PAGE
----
Spiritual direction points the way inside
The English language (and probably most others) has few good words for the processes that happen inside us: thinking, feeling, sensing. One process that doesn't have a very nuanced language is healing. Sure, we know the process of healing from physical wounds, because science has given us words that describe what's going on. But psychological trauma is relatively less understood. So people with PTSD and awful childhoods and genocide survivors and other experiences that have hurt them are the walking wounded, only they don't have bandages or crutches.
This is by way of introducing a spiritual therapeutic technique I ran across while hunting for story ideas and investigating spiritual direction. Visio divina sounded intriguing; it's a particular type of contemplative prayer practice that can happen in spiritual direction. Spiritual director Karen Kuchan says visio divina might be especially helpful for younger adults -- Gen X -- who as a generation have very good BS detectors and also a deep longing for authenticity, that is, the real McCoy beyond slogans, commercials, and clay-footed idols.
Visio divina involves the use of internal images during contemplation. As Kuchan describes it in an article she wrote for Presence: An International Journal of Spiritual Direction , it's a time of silent opening to the presence of God, which prompts an emotional experience -- what is called cataphatic, or experience- or emotion-based, as opposed to apophatic, the wordless contemplative space that Buddhist meditation teaches. She also suggests that the contemplative process that includes three "persons" -- spiritual director, client (I hate the word "directee") and God -- "reflect the inner life of God imagined in the Trinity. " This is hard to understand at first blush, but I find the notion that God is a process more intriguing than imagining the relationships among an old guy with a white beard, his son and their pet bird.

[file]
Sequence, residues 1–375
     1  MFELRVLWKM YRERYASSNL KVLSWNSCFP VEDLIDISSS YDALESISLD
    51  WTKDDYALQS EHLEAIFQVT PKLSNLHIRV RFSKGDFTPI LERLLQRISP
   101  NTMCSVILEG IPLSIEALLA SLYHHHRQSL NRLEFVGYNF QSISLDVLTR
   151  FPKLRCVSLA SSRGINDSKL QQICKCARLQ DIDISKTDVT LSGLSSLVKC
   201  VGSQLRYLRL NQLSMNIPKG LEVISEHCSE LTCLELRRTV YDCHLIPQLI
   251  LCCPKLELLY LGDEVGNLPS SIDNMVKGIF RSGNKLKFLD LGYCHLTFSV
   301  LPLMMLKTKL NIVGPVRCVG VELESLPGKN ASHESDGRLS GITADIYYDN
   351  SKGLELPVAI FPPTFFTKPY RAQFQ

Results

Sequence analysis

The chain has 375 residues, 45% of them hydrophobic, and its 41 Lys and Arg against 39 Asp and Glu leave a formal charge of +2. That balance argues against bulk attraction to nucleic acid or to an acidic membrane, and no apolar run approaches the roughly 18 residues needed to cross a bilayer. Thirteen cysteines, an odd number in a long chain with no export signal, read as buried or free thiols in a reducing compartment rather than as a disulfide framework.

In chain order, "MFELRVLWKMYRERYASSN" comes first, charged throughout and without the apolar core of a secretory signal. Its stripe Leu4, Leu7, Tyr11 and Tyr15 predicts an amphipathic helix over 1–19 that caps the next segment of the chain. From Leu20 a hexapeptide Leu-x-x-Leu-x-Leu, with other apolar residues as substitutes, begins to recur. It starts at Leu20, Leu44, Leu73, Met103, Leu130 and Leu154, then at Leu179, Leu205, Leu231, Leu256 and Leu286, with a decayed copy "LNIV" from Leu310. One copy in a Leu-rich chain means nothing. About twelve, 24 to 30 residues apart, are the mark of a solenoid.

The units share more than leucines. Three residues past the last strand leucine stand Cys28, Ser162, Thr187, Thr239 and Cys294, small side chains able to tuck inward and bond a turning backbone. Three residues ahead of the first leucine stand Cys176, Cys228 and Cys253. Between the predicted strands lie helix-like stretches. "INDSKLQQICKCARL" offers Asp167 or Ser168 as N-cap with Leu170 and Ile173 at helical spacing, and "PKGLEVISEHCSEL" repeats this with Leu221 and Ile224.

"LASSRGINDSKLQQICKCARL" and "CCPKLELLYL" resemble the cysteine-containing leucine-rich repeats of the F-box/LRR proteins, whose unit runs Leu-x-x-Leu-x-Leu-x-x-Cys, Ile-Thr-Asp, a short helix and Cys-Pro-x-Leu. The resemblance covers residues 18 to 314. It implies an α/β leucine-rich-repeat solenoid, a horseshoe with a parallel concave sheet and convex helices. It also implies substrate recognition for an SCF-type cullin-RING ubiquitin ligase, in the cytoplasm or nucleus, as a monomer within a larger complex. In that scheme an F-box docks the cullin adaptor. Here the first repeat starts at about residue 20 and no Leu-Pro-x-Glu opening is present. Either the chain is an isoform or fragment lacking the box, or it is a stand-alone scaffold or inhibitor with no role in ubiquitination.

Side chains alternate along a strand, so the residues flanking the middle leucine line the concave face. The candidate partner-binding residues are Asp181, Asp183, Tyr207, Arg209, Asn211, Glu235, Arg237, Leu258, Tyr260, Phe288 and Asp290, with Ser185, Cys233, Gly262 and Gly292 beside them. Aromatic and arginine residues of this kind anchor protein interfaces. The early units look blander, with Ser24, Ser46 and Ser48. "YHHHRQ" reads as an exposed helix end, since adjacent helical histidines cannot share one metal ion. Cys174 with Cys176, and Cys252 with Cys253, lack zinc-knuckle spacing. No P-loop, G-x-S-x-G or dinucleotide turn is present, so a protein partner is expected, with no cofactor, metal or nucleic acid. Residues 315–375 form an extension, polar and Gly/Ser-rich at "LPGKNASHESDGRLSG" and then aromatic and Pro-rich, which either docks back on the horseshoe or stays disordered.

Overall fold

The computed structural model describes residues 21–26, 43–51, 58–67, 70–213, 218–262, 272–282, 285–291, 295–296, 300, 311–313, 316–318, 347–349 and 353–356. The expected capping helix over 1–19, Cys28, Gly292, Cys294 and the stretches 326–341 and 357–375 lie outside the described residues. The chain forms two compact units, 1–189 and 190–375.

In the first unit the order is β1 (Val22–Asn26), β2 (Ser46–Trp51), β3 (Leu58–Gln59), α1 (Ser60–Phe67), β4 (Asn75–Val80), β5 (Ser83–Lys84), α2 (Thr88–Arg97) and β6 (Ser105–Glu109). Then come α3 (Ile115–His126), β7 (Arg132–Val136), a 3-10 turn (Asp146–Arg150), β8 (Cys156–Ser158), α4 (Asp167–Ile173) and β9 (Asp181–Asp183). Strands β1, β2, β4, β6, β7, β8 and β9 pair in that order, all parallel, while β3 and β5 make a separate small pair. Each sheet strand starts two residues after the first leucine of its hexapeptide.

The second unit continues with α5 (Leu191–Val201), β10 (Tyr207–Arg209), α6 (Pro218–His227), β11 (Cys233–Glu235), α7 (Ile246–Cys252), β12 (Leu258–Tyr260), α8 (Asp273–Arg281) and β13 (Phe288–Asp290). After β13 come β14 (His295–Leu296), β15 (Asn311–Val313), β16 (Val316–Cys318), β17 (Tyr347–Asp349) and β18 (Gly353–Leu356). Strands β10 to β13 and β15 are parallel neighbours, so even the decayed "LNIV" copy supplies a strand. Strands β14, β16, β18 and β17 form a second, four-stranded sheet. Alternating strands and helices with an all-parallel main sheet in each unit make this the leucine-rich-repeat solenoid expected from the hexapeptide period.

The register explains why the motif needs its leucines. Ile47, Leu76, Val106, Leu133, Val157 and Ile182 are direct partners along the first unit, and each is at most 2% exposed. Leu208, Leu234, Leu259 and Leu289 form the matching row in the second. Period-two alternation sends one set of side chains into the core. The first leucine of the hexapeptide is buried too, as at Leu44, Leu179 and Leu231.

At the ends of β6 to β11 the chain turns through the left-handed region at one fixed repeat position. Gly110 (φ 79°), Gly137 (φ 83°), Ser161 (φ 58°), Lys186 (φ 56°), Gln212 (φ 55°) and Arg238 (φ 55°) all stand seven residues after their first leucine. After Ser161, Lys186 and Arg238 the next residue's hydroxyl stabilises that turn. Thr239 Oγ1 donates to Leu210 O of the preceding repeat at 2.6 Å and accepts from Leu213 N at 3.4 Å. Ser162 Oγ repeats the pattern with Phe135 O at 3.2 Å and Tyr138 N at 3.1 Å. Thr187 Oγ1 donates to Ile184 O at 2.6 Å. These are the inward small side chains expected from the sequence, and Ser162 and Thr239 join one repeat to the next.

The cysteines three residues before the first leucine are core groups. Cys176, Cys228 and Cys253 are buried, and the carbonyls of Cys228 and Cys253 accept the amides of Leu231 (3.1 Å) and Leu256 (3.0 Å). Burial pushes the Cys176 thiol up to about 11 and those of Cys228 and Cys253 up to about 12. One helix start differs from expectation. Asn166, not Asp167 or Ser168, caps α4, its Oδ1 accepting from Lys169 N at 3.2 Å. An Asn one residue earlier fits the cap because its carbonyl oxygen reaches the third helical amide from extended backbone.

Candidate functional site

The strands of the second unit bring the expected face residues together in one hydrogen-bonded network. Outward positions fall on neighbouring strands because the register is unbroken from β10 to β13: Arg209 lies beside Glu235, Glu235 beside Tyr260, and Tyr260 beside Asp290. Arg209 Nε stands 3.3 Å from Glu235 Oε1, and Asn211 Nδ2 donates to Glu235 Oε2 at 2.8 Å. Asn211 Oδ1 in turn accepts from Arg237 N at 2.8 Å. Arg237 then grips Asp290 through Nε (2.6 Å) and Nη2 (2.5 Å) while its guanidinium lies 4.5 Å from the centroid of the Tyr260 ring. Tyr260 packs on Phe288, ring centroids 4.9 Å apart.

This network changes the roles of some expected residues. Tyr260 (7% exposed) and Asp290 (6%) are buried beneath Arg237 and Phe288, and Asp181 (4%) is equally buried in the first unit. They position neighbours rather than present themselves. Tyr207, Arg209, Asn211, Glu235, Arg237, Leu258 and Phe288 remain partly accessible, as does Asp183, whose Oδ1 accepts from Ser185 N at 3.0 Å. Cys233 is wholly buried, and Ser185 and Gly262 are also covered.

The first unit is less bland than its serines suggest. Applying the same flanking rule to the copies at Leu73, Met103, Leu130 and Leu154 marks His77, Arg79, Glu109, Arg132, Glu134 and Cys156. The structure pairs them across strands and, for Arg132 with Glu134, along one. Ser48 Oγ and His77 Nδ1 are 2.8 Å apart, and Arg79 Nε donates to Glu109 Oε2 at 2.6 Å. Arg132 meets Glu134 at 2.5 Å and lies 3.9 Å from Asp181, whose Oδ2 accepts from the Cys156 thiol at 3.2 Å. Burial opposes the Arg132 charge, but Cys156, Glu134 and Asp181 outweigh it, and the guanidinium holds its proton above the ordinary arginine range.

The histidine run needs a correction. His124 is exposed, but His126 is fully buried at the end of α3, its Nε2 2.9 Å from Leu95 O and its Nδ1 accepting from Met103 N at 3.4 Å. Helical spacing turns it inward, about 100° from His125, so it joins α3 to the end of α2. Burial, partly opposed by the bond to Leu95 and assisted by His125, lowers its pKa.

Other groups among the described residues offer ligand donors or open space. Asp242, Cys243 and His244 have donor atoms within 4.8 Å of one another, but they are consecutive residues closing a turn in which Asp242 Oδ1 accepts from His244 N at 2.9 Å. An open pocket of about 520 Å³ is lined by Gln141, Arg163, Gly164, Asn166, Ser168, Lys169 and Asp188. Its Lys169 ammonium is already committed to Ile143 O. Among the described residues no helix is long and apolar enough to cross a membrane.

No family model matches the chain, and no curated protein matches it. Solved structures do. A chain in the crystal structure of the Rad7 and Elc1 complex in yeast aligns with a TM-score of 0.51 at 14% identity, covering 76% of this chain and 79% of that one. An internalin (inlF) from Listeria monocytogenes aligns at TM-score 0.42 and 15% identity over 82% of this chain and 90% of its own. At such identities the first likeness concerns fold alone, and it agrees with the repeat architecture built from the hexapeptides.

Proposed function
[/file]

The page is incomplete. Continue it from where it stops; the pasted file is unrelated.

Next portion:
I hesitated to write about this because it really is hard to find the words for something so internal. Psychology has a very good language for it. But psychology generally doesn't traffic with religion, thanks to Herr Doktor Freud and others who have found religion an illusion. It's up to the mystics of religion and spiritual directors such as Kuchan. Maybe Quakers too. Sitting in silence for an hour at meeting has given me lots of practice in waiting for God, which holds much more promise than waiting for Godot.